• Story alerts
  • Letter to Editor
  • Pin it

Rising like a scruffy whaleback above a sea of luxury homes and ranchettes in Jamul, McGinty Mountain hosts a rich but circumspect treasure of botanical oddities. Several rare and endangered plant species make their home here on soils derived from a relatively uncommon form of bedrock called gabbro. Over half of California's remaining specimens of Dehesa beargrass cling to the mountain's rocky spine. The endemic San Diego thornmint, its habitat reduced by 90 percent during the past century by urbanization, survives here, as does San Miguel savory, Parry's Tetracoccus, and Gander's butterweed. Some of these plants are believed to be relict species, once common but now almost squeezed out of existence by gradual climate changes occurring over the past 10,000 years or more.

Today, much of McGinty Mountain lies within a preserve created by the Nature Conservancy, and a public trail leads intrepid hikers to the mountain's summit ridge. To reach the trail's starting point, follow Lyons Valley Road 0.7 mile north from Highway 94 at Jamul, turn left on Jamul Drive, and proceed 0.4 mile to the gated entrance. Park on the shoulder of Jamul Drive and walk in.

On foot, follow a wide path north up along a shallow draw. After 0.3 mile, just shy of a crest, turn right on a switchbacking trail that quickly rises to the McGinty Mountain ridge. Trained eyes might pick out some of the rarer plants, but mostly you'll notice the typical sage-scrub and chaparral vegetation -- already turning attractively green and aromatic in response to the recent rains. Look for the somewhat unusual coast spice bush (a member of the citrus family) and the common Our Lord's Candle yucca, whose tall flower stalks bear white blossom clusters in the early spring. Clumps of Dehesa beargrass appear higher up, looking somewhat like poor cousins of the common yuccas. They can be identified by their diminutive stature and fibrous, pale green, ribbon-like leaves. Note also the perfume-like scent of Cleveland sage.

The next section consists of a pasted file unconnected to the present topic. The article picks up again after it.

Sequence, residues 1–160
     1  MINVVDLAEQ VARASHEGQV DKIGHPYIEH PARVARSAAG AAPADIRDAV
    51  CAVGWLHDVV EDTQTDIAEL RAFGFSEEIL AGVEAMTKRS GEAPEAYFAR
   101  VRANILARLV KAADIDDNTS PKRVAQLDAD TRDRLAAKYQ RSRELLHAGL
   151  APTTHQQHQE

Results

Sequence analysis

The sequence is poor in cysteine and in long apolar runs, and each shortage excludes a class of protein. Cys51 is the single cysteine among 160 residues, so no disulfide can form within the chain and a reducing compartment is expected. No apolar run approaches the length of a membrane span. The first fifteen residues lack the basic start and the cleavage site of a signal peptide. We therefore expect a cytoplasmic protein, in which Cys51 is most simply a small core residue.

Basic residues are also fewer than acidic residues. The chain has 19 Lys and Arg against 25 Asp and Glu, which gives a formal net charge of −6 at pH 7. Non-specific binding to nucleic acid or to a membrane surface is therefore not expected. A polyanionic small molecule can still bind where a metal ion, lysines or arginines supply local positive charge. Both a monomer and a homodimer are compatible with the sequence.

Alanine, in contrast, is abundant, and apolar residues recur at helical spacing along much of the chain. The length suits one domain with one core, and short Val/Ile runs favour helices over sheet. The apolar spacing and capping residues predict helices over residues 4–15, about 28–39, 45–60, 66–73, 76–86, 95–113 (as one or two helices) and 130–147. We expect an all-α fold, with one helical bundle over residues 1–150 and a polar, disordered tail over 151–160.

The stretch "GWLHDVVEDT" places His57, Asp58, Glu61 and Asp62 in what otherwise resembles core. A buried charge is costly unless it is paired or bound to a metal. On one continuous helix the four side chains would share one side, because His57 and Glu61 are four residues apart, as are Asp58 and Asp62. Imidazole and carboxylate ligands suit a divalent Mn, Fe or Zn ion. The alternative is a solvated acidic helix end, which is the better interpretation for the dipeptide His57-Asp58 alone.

The panoramic view expands as you get higher, easily encompassing most of the border-region peaks from Tecate Peak to San Miguel Mountain. Off to the west, beyond Mount Helix and Cowles Mountain, you can sometimes spot the ocean -- dark blue or glistening with sun glare, depending on the time of day.

After about one mile in all, you meet an old dirt road atop the ridgeline. Turn left (north) to set a course for McGinty Mountain's rounded, 2183-foot summit, another 1.5 miles away. You'll be returning on the same route, so take note of any intersecting roads that might cause confusion on your way back. In a few places, the road is steep and slippery, so be sure to wear shoes or boots having a tread with plenty of traction.

  • Story alerts
  • Letter to Editor
  • Pin it

Comments

Sign in to comment

Join our
newsletter list

Enter to win $25 at Broken Yolk Cafe

Each newsletter subscription
means another chance to win!

Close